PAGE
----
The Secret of House Bill 2
By Jennifer Stevens
House Bill 2 (HB2) has been a topic of controversy for weeks in North Carolina. HB2 has been criticized as the “most anti-LGBT bill in the country.” So, what is the big deal about the bill?
First, the bill outraged citizens because it mandated that people use public bathrooms based on the biological sex stated on their birth certificates. Thus, transgender people are now being forced to use restrooms corresponding with the gender they were born, not the gender to which they identify. The only solution for a transgender person is to have the sex listed on their birth certificate to be changed to which they wish to identify. Governor McCory of North Carolina stands behind this bill because he believes that it provides North Carolina citizens new protections. Many people are still asking what “new protections” this bill has brought forward.
Many people are only aware of this LGBT provision of the bill, but there is a much more troubling provision that needs to be brought to everyone’s attention. There is a single sentence in the bill that completely strips the rights of North Carolina workers to pursue a remedy in state court if the worker believed they were fired based on race, gender, religion, or age. The exact language is this, “This Article does not create, and shall not be construed to create or support, a statutory or common law private right of action, and no person may bring any civil action based upon the public policy expressed herein.” As such, any of these claims CANNOT be taken to state court, putting a huge burden on any North Carolina worker. Under federal law, a worker bringing a claim has only 180 days to file a discrimination claim, whereas in state courts, there is a three- year window to file a claim. Also, federal claims are harder to bring and often bring less reward than that of state courts.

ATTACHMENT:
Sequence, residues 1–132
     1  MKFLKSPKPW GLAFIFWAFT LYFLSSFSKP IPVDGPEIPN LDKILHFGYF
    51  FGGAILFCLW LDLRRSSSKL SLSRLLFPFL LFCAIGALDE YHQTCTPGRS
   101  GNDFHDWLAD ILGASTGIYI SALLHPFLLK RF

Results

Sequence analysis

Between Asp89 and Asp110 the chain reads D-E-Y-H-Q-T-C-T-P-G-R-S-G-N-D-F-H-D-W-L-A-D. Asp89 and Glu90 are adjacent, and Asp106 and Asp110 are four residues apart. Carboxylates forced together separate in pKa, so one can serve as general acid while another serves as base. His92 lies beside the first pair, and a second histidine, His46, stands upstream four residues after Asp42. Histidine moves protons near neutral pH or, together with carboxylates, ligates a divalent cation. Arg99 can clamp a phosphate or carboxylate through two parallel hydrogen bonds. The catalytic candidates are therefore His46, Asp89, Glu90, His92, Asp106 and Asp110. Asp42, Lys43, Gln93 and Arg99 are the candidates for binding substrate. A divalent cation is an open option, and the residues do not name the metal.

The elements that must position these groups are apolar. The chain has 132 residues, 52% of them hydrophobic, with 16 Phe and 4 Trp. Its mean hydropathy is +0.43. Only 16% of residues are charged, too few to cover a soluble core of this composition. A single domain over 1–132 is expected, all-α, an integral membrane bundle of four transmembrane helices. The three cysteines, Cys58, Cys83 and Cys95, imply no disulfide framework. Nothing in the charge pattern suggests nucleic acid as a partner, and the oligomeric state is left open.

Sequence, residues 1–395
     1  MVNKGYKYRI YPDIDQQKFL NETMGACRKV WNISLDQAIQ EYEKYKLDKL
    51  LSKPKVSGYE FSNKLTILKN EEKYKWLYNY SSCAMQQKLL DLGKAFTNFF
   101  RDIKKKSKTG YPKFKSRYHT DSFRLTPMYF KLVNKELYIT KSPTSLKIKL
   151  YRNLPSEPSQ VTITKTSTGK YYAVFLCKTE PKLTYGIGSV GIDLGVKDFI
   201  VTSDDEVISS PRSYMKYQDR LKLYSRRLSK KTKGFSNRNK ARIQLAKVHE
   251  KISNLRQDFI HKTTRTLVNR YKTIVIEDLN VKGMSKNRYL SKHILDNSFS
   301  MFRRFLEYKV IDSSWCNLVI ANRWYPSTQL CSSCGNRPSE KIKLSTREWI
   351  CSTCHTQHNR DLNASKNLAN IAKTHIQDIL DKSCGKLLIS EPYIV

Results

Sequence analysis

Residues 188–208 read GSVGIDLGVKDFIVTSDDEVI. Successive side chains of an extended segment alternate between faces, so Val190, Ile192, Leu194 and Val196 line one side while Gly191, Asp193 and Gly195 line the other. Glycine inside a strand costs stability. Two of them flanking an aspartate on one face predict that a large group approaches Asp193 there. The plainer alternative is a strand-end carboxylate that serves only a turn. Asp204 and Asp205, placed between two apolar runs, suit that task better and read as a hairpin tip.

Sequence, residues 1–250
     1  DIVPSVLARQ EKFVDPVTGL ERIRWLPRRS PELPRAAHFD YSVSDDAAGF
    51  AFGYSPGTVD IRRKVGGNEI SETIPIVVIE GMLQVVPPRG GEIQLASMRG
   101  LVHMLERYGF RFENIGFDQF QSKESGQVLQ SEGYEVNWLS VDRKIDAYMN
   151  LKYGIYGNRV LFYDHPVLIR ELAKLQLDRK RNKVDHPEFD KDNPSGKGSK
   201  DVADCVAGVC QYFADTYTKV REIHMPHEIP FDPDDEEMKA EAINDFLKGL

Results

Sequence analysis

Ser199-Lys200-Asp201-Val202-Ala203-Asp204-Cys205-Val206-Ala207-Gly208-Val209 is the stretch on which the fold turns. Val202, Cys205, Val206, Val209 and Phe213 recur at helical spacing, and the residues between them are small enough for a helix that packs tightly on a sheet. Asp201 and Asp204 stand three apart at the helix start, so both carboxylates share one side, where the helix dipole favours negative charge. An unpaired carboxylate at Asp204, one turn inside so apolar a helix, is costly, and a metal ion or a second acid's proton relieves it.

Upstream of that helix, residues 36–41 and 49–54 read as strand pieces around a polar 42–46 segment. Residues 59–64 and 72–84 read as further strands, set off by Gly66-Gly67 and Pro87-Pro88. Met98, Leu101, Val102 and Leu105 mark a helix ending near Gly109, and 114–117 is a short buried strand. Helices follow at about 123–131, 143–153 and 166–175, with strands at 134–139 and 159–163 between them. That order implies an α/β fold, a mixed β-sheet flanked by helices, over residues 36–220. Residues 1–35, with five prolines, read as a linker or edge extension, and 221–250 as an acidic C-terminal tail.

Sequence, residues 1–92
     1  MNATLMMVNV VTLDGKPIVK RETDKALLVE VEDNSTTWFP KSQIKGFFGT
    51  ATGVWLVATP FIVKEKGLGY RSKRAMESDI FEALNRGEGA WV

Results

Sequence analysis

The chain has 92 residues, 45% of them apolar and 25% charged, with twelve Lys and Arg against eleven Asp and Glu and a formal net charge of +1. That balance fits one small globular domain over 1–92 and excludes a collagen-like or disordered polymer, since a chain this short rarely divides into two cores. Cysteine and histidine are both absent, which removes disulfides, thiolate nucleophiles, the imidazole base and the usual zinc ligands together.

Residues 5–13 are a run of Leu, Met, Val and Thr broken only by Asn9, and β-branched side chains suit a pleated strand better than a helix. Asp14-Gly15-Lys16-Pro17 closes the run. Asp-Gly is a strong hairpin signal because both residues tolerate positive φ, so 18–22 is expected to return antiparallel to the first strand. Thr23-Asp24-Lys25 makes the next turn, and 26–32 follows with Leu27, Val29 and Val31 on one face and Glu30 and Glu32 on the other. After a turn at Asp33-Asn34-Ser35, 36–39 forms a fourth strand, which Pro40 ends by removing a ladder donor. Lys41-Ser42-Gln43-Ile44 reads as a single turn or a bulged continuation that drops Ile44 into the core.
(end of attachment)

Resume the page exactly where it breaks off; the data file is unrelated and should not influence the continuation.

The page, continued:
This single sentence has taken away a thirty-year practice given by the North Carolina Equal Employment Practices Act. This act applies to businesses with fifteen or more employees and stated that it is against the state’s public policy to discriminate based on “race, religion, color, national origin, age, sex, or handicap.” Traditionally, people who successfully proved discrimination could recover damages under common law.
Whether you agree with the LGBT provision of the bill, it is hard to fathom the rationale behind the discrimination provision. As people are becoming aware of the discrimination provision, protests are slowly coming to light. Recently, Bruce Springsteen cancelled his show in North Carolina because of HB2’s discriminatory provision. Clearly, this is not who North Carolina is, and people need to fight back for the rights of our citizens.